A new era of rationally designed antipsychotics

By David R. Sibley & Lei Shi

Schizophrenia is a disorder that involves hallucinations, delusions and cognitive impairment, and that affects nearly 1% of the global population1. The mainstays of therapy have been drugs that block the activity of the D2 dopamine receptor (D2R), a member of the large G-protein-coupled receptor (GPCR) superfamily of membrane proteins. Unfortunately, most of these antipsychotic drugs come with a plethora of debilitating side effects, many of which are due to off-target interactions with other GPCRs. In a paper in Nature, Wang et al.2 now report the crystal structure of D2R in complex with the antipsychotic drug risperidone. The structure reveals features that might be useful for the design or discovery of drugs that have greater selectivity for D2R than existing therapeutics, and consequently have fewer side effects.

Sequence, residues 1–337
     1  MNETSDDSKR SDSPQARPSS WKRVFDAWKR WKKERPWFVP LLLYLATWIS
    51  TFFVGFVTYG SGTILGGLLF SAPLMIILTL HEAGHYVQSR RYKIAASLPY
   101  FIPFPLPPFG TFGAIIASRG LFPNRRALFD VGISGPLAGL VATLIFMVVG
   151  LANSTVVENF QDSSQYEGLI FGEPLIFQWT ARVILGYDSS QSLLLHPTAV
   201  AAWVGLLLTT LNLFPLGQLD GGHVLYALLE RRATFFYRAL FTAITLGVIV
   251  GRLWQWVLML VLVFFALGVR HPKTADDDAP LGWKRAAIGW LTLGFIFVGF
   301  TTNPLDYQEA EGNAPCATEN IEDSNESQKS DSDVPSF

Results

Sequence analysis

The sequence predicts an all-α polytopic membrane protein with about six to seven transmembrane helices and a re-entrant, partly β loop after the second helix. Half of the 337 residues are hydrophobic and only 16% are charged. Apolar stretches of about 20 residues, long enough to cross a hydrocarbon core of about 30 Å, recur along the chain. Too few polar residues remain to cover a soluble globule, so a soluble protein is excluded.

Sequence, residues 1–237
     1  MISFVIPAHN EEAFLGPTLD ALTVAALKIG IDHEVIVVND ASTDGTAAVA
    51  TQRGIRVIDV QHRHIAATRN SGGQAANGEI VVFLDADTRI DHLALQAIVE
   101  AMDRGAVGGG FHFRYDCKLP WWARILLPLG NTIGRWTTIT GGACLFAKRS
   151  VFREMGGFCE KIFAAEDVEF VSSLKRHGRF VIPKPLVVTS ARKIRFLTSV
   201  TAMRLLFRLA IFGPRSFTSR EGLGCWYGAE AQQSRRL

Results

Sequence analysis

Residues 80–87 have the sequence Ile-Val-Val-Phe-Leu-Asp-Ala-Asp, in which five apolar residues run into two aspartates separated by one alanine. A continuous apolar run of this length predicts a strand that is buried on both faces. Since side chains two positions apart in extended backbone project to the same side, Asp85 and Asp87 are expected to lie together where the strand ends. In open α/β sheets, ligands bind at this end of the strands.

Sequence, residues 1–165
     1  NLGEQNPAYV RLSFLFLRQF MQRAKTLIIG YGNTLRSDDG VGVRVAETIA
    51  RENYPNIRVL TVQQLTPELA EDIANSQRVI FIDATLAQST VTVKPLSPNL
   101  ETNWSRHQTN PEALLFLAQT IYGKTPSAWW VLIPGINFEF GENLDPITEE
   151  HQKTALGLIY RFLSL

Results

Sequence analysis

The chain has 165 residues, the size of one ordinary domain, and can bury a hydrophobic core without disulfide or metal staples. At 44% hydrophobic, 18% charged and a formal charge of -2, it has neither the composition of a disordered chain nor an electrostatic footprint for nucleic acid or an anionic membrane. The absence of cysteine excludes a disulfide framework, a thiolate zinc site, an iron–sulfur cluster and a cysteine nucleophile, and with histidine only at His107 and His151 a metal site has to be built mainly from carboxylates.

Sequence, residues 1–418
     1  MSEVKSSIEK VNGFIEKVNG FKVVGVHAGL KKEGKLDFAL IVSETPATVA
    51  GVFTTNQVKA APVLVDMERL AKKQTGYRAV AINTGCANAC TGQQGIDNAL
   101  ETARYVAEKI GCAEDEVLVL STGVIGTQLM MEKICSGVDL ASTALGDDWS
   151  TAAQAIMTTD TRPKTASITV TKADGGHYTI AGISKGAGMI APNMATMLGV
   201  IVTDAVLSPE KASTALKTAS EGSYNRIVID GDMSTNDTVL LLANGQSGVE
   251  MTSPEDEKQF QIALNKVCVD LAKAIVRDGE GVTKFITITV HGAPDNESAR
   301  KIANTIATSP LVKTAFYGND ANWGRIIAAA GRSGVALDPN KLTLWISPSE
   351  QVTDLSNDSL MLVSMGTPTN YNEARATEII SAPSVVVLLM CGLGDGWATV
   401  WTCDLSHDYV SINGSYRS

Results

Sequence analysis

The naturally occurring ligand for D2R is a neurotransmitter called dopamine, which mediates various physiological functions, including the control of coordinated movement, cognition and the reinforcing properties of drugs of abuse. There are five receptors for dopamine, which fall into two subgroups on the basis of their associated intracellular signalling pathways and their affinities for various drugs3: D1-like receptors (D1R and D5R) and D2-like receptors (D2R, D3R and D4R). As early as the 1970s, it was hypothesized that the therapeutic effects of antipsychotic drugs were due to them blocking D2-like, rather than D1-like, receptors4,5, but the existence of multiple D2-like receptors was not discovered until they were cloned some 15 years later6.

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